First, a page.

‘Mother’ has a primal title for a good reason – the bond that the unnamed mother in the film feels for her mentally slow son is unbreakable. The film makes perfect sense in an Eastern matriarchy (in this case, Korea) as it reveals the lengths to which a mother will go to help her son. Kim Hye-ja runs a herbal shop and does illegal acupuncture on the side, but rarely takes her eyes from her son (action star Won Bin). After being clipped by a passing Mercedes full of golfers, the boy and his ne’er-do-well mate chase the culprits to their golf course, a brawl ensues and all end up in a cop shop run by kindly local policemen.
But keep your eye on the golfball the boy picks up, because soon it has landed him with a murder rap. A schoolgirl has been found draped across the parapet of a building, and Won Bin is blamed. Setting out to prove her son innocent, Mother risks everything including her sanity, her savings and her livelihood in order to get to the truth. Although the mid-section is not without its slow passages, there are some stunning twists and turns here, and the solution is morally ambiguous enough to keep the whole thing turning over in your head afterwards.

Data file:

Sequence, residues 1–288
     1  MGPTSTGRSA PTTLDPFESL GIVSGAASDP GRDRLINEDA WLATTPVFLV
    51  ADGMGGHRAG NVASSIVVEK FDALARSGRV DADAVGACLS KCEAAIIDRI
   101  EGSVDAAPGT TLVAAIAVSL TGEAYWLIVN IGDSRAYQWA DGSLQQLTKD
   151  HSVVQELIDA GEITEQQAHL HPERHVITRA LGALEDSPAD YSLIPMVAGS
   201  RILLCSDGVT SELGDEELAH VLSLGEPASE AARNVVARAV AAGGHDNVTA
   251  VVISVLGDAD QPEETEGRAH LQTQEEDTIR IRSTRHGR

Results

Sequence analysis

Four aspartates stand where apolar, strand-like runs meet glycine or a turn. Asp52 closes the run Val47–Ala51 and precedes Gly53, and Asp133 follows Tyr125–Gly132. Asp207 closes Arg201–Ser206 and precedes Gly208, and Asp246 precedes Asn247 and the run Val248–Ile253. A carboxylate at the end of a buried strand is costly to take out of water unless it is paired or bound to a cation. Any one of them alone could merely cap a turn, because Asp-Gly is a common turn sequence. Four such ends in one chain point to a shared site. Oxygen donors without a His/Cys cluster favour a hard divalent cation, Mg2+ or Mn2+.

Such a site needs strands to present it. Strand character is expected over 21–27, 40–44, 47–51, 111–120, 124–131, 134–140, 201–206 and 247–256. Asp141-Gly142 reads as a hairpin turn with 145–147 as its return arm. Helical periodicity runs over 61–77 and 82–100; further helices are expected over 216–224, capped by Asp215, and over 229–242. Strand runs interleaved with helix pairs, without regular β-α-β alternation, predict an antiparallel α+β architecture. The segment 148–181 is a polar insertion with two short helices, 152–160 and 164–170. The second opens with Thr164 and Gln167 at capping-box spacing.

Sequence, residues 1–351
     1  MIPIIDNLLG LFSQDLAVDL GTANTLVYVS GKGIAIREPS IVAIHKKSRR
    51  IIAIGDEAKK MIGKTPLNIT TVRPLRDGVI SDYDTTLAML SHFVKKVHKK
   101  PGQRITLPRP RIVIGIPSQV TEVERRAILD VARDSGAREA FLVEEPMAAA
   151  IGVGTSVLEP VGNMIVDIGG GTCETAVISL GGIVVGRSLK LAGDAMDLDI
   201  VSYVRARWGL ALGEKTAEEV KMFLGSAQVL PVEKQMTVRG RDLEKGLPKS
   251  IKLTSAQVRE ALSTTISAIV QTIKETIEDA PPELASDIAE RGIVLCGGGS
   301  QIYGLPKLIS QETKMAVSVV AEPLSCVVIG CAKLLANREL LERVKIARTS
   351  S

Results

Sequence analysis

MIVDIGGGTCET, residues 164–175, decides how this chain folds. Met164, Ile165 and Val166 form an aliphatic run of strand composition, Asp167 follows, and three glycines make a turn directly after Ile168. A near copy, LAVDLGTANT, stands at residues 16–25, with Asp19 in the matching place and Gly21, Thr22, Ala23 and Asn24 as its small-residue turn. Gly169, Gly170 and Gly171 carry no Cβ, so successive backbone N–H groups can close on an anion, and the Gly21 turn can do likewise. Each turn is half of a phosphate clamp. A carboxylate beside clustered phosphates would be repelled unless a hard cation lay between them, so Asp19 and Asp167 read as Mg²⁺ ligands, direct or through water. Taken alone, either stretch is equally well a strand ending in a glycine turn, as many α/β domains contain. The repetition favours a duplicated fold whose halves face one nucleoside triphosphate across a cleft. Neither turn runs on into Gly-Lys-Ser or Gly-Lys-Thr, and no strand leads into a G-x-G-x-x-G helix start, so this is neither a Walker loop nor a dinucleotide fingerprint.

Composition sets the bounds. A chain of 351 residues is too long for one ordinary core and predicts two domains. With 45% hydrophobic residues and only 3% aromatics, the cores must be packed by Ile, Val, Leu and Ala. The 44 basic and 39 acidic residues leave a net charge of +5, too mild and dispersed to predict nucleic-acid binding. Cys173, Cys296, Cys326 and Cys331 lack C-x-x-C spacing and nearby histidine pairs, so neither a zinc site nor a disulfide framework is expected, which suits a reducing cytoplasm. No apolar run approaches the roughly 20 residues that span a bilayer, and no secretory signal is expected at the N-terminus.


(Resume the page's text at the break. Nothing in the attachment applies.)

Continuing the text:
Apart from the central astonishing performance, here are camera shots here that no Hollywood cameraman would ever think of choosing. A heart-stopping suspense moment involving a bottle of water, an exhilarating shot of women dancing on a bus, a crime scene recreation that goes hilariously wrong. Bong Joon-Ho directed monster movie ‘The Host’ some while back, and pulls off the same trick he did there – turning what could have been an ordinary crime story into something genuinely fresh and surprising.
BTW, if you look the film up on the Time Out New York website you will find it gets just 2 stars and a nasty, cynical review. A good rule of thumb is to remember that if you really enjoyed a film, TONY will always give it just two stars, mainly because their critics are privileged, arrogant little snits with bad dress sense, side partings and an exaggerated sense of their own importance.